Is dogcatcher actually an elective office?
Delaware Republican senatorial candidate Christine O'Donnell lost her election bid Tuesday against Chris Coons. During the primary, the state's GOP chairman said that O'Donnell "could not be elected dogcatcher." Is "dogcatcher" ever an elective office?
No. While the unofficial job of dogcatcher has existed for centuries—towns would often hire someone to round up stray dogs and shoot them—it was only incorporated into state and local government operations as "animal control" in the 19th century. Since then, the job has almost always been filled by appointment. For example, in Rehoboth, Mass., the job of "animal control officer" is appointed by the town's Board of Selectmen. In Louisville, Ky., the director of Metro Animal Services is appointed—and sometimes removed—by the mayor. Iowa City hired its animal-services director after a nationwide search. The Explainer has come across rumors that certain American jurisdictions elect their dogcatchers, but no concrete evidence to back up these assertions.
The insult that someone "couldn't be elected dogcatcher"appears to have originated in the late 1800s. In 1889, the Weekly Courier Journal in Louisville noted that then-president Grover Cleveland was "so unpopular in Washington that he could not be elected dog catcher for the district." A year later, a letter to the New York Times attacked a politician who "could not get elected on his own popularity and without the aid of his 'machine' to the office of dogcatcher were it an elective one" (emphasis added). Dogcatcher is also sometimes used as shorthand for the lowest-level political office. For example, in 1979 National Journal wrote about the collapse of a magazine "designed to appeal to elected officeholders from U.S. Senator to dogcatcher."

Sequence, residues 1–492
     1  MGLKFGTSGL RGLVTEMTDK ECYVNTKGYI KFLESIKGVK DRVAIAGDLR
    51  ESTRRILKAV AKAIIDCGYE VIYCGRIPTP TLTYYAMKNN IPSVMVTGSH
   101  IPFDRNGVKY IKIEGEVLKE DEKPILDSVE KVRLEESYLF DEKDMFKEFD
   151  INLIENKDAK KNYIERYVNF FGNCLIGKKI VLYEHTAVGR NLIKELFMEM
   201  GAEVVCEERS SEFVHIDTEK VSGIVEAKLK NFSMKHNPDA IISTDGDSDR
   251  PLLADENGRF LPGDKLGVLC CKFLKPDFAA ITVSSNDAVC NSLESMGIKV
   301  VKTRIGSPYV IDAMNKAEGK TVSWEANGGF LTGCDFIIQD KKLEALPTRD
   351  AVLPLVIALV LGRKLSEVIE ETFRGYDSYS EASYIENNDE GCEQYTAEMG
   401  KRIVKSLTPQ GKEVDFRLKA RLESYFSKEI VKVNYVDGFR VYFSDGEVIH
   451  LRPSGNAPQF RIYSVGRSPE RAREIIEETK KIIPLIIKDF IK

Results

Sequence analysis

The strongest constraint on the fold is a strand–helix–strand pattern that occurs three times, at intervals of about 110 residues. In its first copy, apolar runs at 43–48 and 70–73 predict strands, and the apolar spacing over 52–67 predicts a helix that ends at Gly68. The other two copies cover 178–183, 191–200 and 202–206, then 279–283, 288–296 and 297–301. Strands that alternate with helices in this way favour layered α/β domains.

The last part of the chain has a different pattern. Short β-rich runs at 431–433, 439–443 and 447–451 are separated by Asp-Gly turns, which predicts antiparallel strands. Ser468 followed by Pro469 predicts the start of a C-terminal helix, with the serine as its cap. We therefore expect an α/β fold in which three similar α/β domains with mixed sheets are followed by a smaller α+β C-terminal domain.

The dogcatcher dig implies that rounding up canines is an easy job. In fact, it takes extensive training to become an animal-control officer. The National Animal Control Association requires new officers to undergo at least 80 hours of training—which can include workshops on euthanasia, chemical immobilization, and how to wield a "bite stick." Officers then need on-the-job training, much like police officers, before they are fully prepared to catch wild animals.
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Explainer thanks Misha Goodman and Todd Stosuy of the National Animal Control Association.
Christopher Beam is a writer living in Beijing.
Photograph of rottweiller by Thomas Coex/AFP/Getty Images.